As part of their argument, Grace et al. not only criticized the text of the Code of Ethics, but the advisory opinion on social justice as well. They reviewed the advisory opinion to see if its contents could justify the social justice requirement. They concluded, however, that “AOTA’s Advisory Opinion on Social Justice does not articulate nor validate the inclusion of the concept of social justice . . . in our Code of Ethics [because all of the] scenarios in this document are resolved using other principles” (see motion by Grace et. al). The references to “scenarios in this document” refers to the situations created for the advisory opinion which were to serve as teaching tools on how to use the Code of Ethics to resolve ethical problems. What Grace et al. discovered was that the advisory opinion on social justice offered nothing to justify the social justice requirement in the Code of Ethics because all the situations discussed were easily addressed with the other parts of the Code of Ethics.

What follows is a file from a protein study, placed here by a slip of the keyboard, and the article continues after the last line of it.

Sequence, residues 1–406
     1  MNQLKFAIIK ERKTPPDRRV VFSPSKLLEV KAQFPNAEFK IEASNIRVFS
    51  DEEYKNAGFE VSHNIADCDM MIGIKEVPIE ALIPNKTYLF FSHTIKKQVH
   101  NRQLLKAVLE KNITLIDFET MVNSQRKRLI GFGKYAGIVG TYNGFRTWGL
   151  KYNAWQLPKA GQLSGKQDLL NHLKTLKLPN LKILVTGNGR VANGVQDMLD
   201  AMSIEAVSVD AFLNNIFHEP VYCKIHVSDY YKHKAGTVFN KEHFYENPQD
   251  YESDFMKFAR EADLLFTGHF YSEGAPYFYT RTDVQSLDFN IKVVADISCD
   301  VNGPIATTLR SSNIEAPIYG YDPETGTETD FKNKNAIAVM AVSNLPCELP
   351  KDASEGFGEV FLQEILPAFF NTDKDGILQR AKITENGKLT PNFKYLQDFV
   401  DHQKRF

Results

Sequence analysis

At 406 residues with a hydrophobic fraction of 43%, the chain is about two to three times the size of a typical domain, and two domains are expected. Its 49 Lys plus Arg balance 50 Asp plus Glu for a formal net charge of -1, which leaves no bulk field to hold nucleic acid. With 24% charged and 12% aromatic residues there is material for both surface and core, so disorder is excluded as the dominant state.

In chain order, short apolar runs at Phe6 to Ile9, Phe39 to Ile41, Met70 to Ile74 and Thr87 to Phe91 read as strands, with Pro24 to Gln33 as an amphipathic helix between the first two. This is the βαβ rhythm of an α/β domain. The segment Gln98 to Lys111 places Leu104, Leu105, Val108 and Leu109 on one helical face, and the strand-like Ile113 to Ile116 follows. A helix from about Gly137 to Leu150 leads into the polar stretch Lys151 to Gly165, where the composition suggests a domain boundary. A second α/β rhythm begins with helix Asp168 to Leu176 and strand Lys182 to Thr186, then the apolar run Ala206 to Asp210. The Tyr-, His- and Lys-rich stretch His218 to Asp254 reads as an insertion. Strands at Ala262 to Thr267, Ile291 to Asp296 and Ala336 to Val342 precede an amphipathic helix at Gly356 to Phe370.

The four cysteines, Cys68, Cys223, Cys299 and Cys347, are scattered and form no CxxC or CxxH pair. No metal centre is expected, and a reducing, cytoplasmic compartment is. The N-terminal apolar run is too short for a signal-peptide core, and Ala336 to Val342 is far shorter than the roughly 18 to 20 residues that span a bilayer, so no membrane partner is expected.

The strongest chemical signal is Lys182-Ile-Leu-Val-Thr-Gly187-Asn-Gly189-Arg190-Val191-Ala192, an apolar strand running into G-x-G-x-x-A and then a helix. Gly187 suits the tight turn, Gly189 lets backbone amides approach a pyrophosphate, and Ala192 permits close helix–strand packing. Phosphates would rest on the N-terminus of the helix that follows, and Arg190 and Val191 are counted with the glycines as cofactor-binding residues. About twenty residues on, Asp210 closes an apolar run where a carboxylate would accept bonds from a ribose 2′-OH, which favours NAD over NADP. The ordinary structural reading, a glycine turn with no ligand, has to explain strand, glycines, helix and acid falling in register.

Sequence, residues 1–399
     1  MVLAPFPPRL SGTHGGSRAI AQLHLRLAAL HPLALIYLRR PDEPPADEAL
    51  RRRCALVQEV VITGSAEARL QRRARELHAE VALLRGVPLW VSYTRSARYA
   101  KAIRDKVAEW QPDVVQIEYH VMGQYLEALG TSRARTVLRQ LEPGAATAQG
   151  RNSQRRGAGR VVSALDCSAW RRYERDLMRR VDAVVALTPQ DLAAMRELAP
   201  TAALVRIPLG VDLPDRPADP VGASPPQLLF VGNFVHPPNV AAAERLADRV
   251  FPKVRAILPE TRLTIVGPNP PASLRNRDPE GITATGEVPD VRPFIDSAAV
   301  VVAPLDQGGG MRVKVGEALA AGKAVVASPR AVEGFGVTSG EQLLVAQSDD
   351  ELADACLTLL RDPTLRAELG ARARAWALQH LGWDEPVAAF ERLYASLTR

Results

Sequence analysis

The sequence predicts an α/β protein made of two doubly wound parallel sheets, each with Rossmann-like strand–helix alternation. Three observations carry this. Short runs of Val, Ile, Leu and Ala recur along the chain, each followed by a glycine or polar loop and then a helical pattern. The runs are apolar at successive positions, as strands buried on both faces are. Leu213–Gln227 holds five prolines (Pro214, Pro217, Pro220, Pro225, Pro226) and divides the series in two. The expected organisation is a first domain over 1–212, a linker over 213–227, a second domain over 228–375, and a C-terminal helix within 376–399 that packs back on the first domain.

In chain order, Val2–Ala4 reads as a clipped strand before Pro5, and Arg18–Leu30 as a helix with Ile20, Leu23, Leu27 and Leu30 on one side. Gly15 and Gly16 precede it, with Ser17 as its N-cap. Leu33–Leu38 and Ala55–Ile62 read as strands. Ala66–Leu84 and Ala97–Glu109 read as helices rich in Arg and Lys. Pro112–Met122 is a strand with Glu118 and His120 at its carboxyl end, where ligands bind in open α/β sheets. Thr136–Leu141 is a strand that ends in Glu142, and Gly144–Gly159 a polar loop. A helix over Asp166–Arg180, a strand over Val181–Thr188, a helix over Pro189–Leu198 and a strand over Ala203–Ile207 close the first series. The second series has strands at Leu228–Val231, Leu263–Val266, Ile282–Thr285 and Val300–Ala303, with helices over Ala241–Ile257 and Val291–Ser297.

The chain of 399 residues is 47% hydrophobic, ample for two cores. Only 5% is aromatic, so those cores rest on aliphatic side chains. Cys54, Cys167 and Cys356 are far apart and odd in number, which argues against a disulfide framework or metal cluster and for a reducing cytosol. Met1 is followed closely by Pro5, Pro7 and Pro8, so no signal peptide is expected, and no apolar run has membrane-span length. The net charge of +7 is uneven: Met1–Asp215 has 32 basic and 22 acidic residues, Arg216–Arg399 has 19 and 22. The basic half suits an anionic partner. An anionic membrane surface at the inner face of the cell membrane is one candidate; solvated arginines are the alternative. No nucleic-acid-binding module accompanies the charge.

Grace et al. did not provide a detailed analysis of the advisory opinion to substantiate their position. That is the purpose of this article.
Before examining the advisory opinion, the reader should be introduced to the structure of the 2010 AOTA Code of Ethics. At its core are seven principles that are numbered 1-7. The social justice requirement is formally known as “Principle 4.” In addition to a title and subtitle, each principle is divided into two main parts. The first part explains the principle. The second part contains subsections listed in alphabetical order. These subsections are generally meant to be the practical application of the principle. (Principle 4 has seven subsections and they are titled A-G. See 2010 Code of Ethics here: http://www.aota.org/Consumers/Ethics/39880.aspx). The seven principles of the Code of Ethics are:
3. Autonomy and Confidentiality
4. Social Justice
5. Procedural Justice
Two curious facts will jump out at anyone who reads the advisory opinion on social justice: one is how often principles other than social justice are referenced in the document; the second is the paucity of references to Principle 4 itself.